Ayyam Gallery Dubai, (11, Alserkal Avenue) presents Collapse, the solo exhibition of Sama Alshaibi. Featuring a diverse range of work spanning several years of her artistic career, the exhibition highlights Alshaibi’s conceptual approach to photography and the layered and collapsing signs that are integral to her distinctive aesthetic, particularly her use of the body as a metaphor for spatial and temporal transgressions. In addition to outlining Alshaibi’s intricate sense of formalism, the photographs, installations, and videos of Collapse indicate the underlying themes that have shaped an ongoing narrative in her work, as the artist traces the consequences of war, the psychic effects of forced migration, and the ecological crises that have resulted from such manmade disasters.
Several of Alshaibi’s photo-based projects are included in the exhibition, allowing the viewer to travel through a series of performances. By positioning her body, or that of another model, as an image that measures the psychological content of a scene, Alshaibi symbolically gestures to conditions that obstruct physical movement and suspend the imagination, forcing figures to navigate the unseen yet palpable obstacles of fraught spaces.
A centerpiece of Collapse is the multimedia series Silsila, which was first shown as part of the Maldives pavilion of the 2013 Venice Biennale. Depicting a journey that traces the footsteps of fourteenth-century Moroccan explorer Ibn Battuta, Alshaibi composes a chain of images that link the significant desert areas and shrinking bodies of water of the MENA region to the island nation of the Maldives, which is currently threatened by rising sea levels. Also inspired by the nomadic traditions of Bedouins, Alshaibi performs at each site, alluding to the processes of purification, transcendence, and renewal while signaling the mystical and historical continuity of these diverse environments.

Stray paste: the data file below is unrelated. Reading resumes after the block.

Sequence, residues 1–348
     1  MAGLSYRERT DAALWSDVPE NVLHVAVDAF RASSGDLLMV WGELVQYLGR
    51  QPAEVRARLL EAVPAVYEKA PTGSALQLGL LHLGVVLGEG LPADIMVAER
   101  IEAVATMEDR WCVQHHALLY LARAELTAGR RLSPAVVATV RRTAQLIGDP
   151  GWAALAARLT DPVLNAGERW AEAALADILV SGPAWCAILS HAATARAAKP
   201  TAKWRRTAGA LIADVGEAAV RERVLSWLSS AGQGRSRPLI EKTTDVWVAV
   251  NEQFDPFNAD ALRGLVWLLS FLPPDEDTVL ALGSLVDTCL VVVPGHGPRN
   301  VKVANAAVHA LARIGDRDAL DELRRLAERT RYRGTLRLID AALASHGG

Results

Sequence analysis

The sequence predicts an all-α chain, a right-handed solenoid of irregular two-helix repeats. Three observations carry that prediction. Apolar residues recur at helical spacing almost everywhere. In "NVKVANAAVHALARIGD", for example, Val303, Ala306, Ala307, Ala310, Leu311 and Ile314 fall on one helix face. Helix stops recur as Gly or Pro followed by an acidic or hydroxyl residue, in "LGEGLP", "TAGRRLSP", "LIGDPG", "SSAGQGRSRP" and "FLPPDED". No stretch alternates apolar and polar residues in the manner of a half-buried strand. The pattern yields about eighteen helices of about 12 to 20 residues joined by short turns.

The title work of the exhibition is a split channel video that invokes the collapse of social structures as different forces struggle for power and humankind disregards the intensifying destruction of the environment. Narrated by the melancholic and foreboding sounds of a child’s violin, Collapse (2013-14) describes the loss of our most essential source of sustenance while we remain focused on momentary dominance, collectively headed towards disaster.
As a sort of epilogue to the Silsila series and Collapse, Alshaibi’s newly created multimedia installation Exodus (2015) confirms her earlier predictions of impending widespread crises. Inspired by the recent mass migration resulting from overlapping conflicts in North Africa and West Asia, the large-scale installation maps the delicate nature of human life as communities and lands are torn apart by violence. The colony collapse of honeybees that serves as a disquieting metaphor in Collapse reappears in the detailed image of a bee’s magnified wings, which is realised in the form of a sculptural object. Between the mosaic veins of each wing are video images that describe the trails of refugees that are now etching new migratory patterns across the world as other environments are left burning.